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The prevalence of cytomegalovirus (CMV) infection in human hosts has been well-documented for many decades, as has the virus’s disastrous effects on the developing fetus.

The burden of congenital CMV (cCMV) has been growing steadily for more than a century, with one of its first documented observations made by Philadelphia pathologists performing an autopsy on a stillborn infant in 1910.1This virulent infection has become the leading cause of birth defects, developmental delay, and disability in U.S. children,2as well as the leading infectious cause of hearing loss.3

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Despite the prevalence of cCMV and the severity of its effects, public awareness regarding this infection is quite low: Less than 15% of women have any knowledge of this disease.3 Because nurse practitioners, physician assistants, and other primary-care providers are generally the first line for medical care, it is imperative that these clinicians be knowledgeable about cCMV in order to educate patients, particularly those who are pregnant or who are planning to have children.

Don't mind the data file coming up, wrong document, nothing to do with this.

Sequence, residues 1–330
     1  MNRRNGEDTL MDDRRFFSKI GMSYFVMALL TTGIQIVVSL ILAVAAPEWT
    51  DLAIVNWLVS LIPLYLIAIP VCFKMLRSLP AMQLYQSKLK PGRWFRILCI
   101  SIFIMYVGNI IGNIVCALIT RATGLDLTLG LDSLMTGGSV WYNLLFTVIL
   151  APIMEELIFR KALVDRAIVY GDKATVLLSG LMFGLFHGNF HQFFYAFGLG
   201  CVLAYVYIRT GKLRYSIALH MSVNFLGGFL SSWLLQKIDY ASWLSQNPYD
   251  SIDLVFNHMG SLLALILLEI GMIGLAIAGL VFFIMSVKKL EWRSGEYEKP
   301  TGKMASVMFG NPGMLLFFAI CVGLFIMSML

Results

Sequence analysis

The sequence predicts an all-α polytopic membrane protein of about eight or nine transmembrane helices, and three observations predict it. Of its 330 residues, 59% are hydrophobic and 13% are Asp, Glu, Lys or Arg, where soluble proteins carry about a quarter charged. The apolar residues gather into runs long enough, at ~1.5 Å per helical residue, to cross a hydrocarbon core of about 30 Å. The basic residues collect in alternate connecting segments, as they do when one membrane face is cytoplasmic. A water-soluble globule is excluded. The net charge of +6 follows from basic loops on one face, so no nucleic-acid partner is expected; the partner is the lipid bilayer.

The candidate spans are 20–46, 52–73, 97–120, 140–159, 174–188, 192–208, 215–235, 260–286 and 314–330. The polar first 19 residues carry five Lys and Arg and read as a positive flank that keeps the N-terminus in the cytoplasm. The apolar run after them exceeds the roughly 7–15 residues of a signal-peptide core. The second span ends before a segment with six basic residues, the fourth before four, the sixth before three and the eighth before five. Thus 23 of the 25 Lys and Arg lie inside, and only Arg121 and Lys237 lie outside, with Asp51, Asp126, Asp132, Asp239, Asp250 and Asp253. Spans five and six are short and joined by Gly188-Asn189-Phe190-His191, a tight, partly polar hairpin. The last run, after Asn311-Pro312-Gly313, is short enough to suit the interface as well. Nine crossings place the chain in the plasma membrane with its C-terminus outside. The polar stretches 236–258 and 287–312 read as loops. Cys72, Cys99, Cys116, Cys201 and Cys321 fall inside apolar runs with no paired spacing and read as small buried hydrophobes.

With no effective vaccine, cure, or treatment for cCMV, prevention is crucial.3 It also is important to remember that most affected children are born asymptomatic but can experience symptom manifestations as they continue to grow, and close follow-up is warranted. 4

Should pregnant women undergo routine screening for cytomegalovirus (CMV) infection?